The final step in diagnosis is to coalesce all information from the patient’s history, physical, and imaging to determine a fracture’s need for reduction and subsequent stabilization. For instance, transverse metacarpal fractures with minimal displacement and angulation and no malrotation often are sufficiently stable fractures to treat nonoperatively in a cast/splint due to the stabilizing transverse intermetacarpal ligament. Thus not only is an accurate diagnosis required when evaluating hand fractures but also is an understanding of the deforming forces present on fracture fragments and the resulting risks of displacement if nonoperative treatment is pursued.
Fractures can be classified according to the location, geometry, and displacement to determine the stability. Intraarticular fractures tolerate minimal displacement, whereas fractures in the neck or shaft can tolerate some displacement. Extraarticular fractures can be transverse or oblique, and simple or comminuted. Transverse fractures result in angulation but not often rotation, whereas oblique fractures are more likely to result in shortening and rotation.
Nondisplaced, nonarticular fractures of the phalanges and metacarpals are nearly universally amenable to nonoperative treatment with appropriately timed immobilization and progressive motion once the bone healing has progressed sufficiently to provide appropriate stability. Notable exceptions to this rule are contaminated open fractures as well as distal phalanx fractures that have violated the nail bed (and are treated as open fractures with incision and drainage, and nail bed repair).
A particularly common fracture that can often be treated nonoperatively is the 5th metacarpal neck fracture, or boxer’s fracture. This designation is something of a misnomer, as boxers very rarely get this injury, owing to the sufficient padding in their gloves and punching with the axial load along the index and middle fingers. These fractures more typically occur when a bare fist is punched into something very solid, such as a wall. As might be expected from this mechanism, these are impaction-type fractures and therefore have some inherent stability that often lends itself to nonsurgical management. Another reason boxer’s fractures are often treated nonoperatively is the increasing range of motion (ROM) of the carpometacarpal (CMC) joints going radial to ulnar in the hand. The radial two CMC joints, the fixed unit of the hand, can accommodate for only about 15 degrees of apex dorsal angulation in the metacarpal neck. This acceptable deformity increases to 40 degrees in the ring finger metacarpal and to up to 60 degrees in the small finger metacarpal as the ROM of the CMC joints increases going ulnar. Thus the impacted fracture of the 5th metacarpal neck can tolerate substantial angulation and still do well with nonoperative treatment.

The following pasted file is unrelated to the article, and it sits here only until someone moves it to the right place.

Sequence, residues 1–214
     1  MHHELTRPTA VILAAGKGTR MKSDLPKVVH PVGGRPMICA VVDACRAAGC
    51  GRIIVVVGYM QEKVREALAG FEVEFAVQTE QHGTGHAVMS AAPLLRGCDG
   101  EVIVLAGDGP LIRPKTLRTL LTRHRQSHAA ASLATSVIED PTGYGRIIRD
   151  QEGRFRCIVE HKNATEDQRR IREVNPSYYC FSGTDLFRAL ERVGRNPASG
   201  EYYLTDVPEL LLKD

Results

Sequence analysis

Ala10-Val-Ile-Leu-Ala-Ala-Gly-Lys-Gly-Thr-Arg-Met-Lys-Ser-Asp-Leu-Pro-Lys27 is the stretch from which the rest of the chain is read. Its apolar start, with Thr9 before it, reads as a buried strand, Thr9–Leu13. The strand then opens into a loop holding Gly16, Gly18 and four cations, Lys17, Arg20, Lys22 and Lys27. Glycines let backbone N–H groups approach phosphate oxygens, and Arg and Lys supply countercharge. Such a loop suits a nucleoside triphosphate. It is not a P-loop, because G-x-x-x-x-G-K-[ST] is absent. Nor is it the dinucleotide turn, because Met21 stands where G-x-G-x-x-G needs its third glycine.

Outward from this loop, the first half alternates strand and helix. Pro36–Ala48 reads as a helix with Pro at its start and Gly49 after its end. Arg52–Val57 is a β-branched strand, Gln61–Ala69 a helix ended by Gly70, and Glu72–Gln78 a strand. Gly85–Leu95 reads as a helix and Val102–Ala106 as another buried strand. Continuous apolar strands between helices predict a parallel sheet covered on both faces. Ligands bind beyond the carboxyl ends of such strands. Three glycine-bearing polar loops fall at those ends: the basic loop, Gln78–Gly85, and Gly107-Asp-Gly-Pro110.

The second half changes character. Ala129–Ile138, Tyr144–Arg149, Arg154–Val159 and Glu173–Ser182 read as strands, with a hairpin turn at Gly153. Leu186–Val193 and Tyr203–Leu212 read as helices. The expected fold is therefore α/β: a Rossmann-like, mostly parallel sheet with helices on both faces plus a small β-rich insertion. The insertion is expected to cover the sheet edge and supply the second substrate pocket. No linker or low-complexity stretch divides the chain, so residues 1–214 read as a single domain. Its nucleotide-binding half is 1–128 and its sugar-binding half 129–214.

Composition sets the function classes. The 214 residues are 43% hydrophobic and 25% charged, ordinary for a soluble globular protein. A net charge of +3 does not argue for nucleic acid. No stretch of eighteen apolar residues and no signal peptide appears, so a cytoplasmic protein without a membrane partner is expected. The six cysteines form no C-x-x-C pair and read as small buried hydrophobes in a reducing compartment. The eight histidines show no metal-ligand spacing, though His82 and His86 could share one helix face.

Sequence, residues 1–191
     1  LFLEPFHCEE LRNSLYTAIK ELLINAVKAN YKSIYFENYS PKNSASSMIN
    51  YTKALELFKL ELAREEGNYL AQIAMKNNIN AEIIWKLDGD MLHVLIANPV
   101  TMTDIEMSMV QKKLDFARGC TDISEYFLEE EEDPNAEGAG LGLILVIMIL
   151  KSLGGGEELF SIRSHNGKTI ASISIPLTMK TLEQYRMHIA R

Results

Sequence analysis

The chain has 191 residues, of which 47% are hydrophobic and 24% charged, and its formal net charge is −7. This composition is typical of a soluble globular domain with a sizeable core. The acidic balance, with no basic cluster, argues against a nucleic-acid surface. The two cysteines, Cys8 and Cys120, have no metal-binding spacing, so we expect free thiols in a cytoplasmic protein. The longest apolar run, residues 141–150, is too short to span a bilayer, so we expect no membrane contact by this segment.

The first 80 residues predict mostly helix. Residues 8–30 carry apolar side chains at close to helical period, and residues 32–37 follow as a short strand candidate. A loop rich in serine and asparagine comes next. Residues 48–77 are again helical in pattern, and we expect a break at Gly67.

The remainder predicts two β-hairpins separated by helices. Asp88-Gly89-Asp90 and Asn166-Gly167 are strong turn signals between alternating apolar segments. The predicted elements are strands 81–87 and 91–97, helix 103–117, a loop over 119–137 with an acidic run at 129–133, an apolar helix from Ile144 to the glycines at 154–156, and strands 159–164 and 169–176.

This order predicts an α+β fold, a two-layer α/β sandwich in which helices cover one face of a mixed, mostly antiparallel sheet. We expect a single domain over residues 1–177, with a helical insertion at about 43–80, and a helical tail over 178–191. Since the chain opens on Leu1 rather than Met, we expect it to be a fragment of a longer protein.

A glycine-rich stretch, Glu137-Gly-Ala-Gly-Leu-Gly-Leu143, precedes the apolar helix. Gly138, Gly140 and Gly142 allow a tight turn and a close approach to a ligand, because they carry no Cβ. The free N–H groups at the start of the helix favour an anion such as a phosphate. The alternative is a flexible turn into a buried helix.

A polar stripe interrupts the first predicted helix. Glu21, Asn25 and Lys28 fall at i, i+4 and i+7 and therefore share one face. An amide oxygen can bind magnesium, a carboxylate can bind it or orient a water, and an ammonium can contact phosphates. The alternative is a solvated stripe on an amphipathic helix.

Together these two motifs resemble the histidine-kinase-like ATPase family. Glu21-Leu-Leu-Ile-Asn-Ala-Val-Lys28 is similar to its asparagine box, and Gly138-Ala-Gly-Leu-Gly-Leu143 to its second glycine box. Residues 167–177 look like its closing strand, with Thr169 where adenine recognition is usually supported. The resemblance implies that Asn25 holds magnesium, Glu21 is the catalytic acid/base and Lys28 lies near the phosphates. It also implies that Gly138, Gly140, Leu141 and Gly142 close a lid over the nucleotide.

Displaced but reducible and inherently stable fractures/dislocations can also be treated nonoperatively if an appropriate reduction maneuver is performed, followed by immobilization for 3 weeks and progressive motion based on clinical and radiographic healing. Metacarpal shaft fractures that are relatively transverse and have a timely corrective reduction of the deformity are often stable enough to be treated nonoperatively. Failed reductions of metacarpophalangeal (MP) or proximal interphalangeal (PIP) joint fracture dislocations should not be subject to repeat closed reduction attempts. Cartilage damage, further bone comminution, and worsening soft tissue injury can result from repeatedly manipulating irreducible fracture.
Whenever possible, hand position in the splint or cast should be approximately intrinsic plus. This is due to the Cam shape of the metacarpal head, with the collateral ligaments most taut in flexion. Flexing at the MP joint will keep the collaterals at maximum length and stabilize the joint.
In general, immobilize only the joints whose motion will destabilize the fracture. Allowing motion in joints distant from the fracture will keep them supple and will also improve tendon gliding in fractures at risk of creating adhesions.
Immobilization should be used judiciously, because different joints are more susceptible to contractures with prolonged immobilization. Rigid casting of PIP joints for more than 3 weeks often results in long-term restricted ROM, whereas MP joints are somewhat more forgiving and can be immobilized longer. Radiographs should be utilized to ensure that fractures with questionable stability remain reduced during the healing process.
When a fracture is irreducible through closed means or when reduction would not result in a stable bony configuration, operative treatment should be pursued. Multiple options for fracture stabilization are available depending on fracture type and patient variables.
Regardless of surgical method chosen, consideration of timing of surgical intervention is critical. Acute fractures that have occurred within 2 weeks of surgery are often amenable to closed reduction. Those patients who present late (greater than 3–4 weeks) or who have a delay in surgical timing due to other health comorbidities may have already laid down soft callus about a displaced fracture. If fractures have an unacceptable orientation or displacement, they should be managed operatively.
Closed Reduction With Percutaneous Pinning
There are a multitude of different fractures in the hand that require a short period of pin fixation to supplement or supplant splinting and casting. This is largely due to the deforming forces generated from the many different tendon and ligament insertions that are present throughout the hand that facilitate its great function and numerous joint motions. Proper placement of K-wires can overcome these forces and allow solid bony union.
Examples of appropriate K-wire used include displaced but reducible fractures throughout the phalanges and metacarpals that can be aligned, but are unstable. These can include articular fractures that must maintain a near anatomical orientation, fractures with a sharp obliquity pattern that can lead to proximal migration, or nonarticular fractures in close proximity to a joint that can create a great deal of stress at the fracture site ( Figs. 5.7.2 and 5.7.3 ).